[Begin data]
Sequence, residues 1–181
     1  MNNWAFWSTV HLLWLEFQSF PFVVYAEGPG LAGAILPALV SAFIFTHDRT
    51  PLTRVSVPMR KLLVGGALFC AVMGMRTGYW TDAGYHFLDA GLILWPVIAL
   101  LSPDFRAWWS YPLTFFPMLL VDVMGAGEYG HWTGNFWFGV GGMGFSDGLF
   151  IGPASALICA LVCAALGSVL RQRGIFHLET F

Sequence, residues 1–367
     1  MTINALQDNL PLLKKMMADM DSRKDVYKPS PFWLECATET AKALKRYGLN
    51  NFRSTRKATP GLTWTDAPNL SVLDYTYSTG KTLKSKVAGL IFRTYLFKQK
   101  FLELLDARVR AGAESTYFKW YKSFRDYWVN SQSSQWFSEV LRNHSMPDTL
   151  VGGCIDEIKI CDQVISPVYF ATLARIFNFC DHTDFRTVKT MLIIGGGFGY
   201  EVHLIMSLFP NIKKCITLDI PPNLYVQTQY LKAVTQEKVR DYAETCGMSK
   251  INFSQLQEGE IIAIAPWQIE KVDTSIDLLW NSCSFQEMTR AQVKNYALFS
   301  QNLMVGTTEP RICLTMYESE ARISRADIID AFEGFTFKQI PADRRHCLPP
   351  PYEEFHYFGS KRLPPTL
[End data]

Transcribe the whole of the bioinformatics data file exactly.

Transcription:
Sequence, residues 1–181
     1  MNNWAFWSTV HLLWLEFQSF PFVVYAEGPG LAGAILPALV SAFIFTHDRT
    51  PLTRVSVPMR KLLVGGALFC AVMGMRTGYW TDAGYHFLDA GLILWPVIAL
   101  LSPDFRAWWS YPLTFFPMLL VDVMGAGEYG HWTGNFWFGV GGMGFSDGLF
   151  IGPASALICA LVCAALGSVL RQRGIFHLET F

Sequence, residues 1–367
     1  MTINALQDNL PLLKKMMADM DSRKDVYKPS PFWLECATET AKALKRYGLN
    51  NFRSTRKATP GLTWTDAPNL SVLDYTYSTG KTLKSKVAGL IFRTYLFKQK
   101  FLELLDARVR AGAESTYFKW YKSFRDYWVN SQSSQWFSEV LRNHSMPDTL
   151  VGGCIDEIKI CDQVISPVYF ATLARIFNFC DHTDFRTVKT MLIIGGGFGY
   201  EVHLIMSLFP NIKKCITLDI PPNLYVQTQY LKAVTQEKVR DYAETCGMSK
   251  INFSQLQEGE IIAIAPWQIE KVDTSIDLLW NSCSFQEMTR AQVKNYALFS
   301  QNLMVGTTEP RICLTMYESE ARISRADIID AFEGFTFKQI PADRRHCLPP
   351  PYEEFHYFGS KRLPPTL